Does coronary artery reoperation improve the survival of patients with stenoses in saphenous vein bypass grafts to coronary arteries? To examine this question, we retrospectively reviewed 1117 patients who had coronary bypass grafting and then underwent a postoperative coronary angiogram that showed a stenosis (≥20%) of at least one vein graft. Reoperation within 1 month of the postoperative angiogram was performed for 394 patients (REOP group) whereas 723 patients (MED group) received initial medical treatment (no reoperation or percutaneous transluminal coronary angioplasty within 1 year). Compared with the MED group, patients in the REOP group were older, more symptomatic, more likely to have left main stenosis, and had fewer patent bypass grafts (all p < 0.001). In-hospital mortality for the REOP group was 4.3%. Mean postangiogram follow-up of the entire group was 73 months. On the basis of the interval between the primary operation and the postoperative angiogram, patients were designated as having early (< 5 years) or late (≥ 5 years) saphenous vein graft stenosis. Univariate and multivariate analyses were used to identify factors influencing the survival of these subgroups. Reoperation was not identified as a variable improving the survival of patients with early vein graft stenoses. For patients with late vein graft stenoses, moderate or severe impairment of left ventricular function (p < 0.0001), advanced age (p < 0.0001), triple-vessel or left main stenosis (p = 0.0011), and stenosis in a vein graft to the left anterior descending artery (p = 0.0019) decreased survival, whereas reoperation improved survival (p = 0.0007). The improvement in survival with reoperation was particularly strong for patients with a stenotic vein graft to the left anterior descending artery. For that subset, survival was 84% and 74% for the REOP group versus 76% and 53% for the MED group at 2 and 4 years after catheterization, respectively (p = 0.004). For patients with stenotic vein grafts to the right coronary artery or circumflex coronary artery (or both), survival was 92% and 87% for the REOP group versus 89% and 78% for the MED group at 2 and 4 years after catheterization, respectively (p = 0.13). Even for patients with class I or II symptoms, reoperation prolonged survival (p = 0.002 with multivariate testing). Reoperation improves the survival of patients with late vein graft stenoses, particularly those with stenotic grafts to the left anterior descending coronary artery.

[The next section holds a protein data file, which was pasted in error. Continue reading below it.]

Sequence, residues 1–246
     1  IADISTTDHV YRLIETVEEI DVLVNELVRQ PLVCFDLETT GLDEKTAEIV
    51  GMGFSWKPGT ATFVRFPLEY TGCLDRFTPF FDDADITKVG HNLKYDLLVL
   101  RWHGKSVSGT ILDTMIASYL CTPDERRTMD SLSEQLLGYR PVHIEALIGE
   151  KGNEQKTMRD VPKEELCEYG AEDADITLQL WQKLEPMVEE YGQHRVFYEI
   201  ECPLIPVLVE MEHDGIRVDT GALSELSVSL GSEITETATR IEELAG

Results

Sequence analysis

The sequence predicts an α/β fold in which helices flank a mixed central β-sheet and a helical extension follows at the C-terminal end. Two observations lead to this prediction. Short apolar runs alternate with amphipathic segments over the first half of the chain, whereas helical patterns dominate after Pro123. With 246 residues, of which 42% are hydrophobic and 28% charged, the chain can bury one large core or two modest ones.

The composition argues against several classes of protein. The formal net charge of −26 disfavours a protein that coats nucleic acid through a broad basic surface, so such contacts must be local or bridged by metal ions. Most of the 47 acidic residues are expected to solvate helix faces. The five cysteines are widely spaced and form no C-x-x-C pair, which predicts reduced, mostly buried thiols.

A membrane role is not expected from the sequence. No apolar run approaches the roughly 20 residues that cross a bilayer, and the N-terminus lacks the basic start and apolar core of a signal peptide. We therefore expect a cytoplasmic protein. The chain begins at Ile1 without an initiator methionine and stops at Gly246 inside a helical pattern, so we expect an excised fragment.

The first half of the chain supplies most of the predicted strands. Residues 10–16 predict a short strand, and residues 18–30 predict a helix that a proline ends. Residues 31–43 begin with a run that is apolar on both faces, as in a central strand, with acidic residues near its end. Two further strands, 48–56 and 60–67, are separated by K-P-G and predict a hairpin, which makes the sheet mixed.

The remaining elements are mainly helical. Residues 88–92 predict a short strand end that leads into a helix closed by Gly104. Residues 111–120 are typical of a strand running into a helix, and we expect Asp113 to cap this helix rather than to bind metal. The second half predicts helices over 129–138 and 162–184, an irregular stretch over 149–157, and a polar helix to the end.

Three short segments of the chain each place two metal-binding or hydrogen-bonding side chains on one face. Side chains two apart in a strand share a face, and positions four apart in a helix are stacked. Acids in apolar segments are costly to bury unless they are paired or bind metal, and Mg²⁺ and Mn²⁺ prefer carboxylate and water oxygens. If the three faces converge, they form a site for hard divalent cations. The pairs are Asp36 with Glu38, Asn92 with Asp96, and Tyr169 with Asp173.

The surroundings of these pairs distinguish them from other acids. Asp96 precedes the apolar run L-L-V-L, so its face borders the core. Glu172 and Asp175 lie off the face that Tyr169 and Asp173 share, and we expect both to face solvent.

ASJC Scopus subject areas
- Pulmonary and Respiratory Medicine
- Cardiology and Cardiovascular Medicine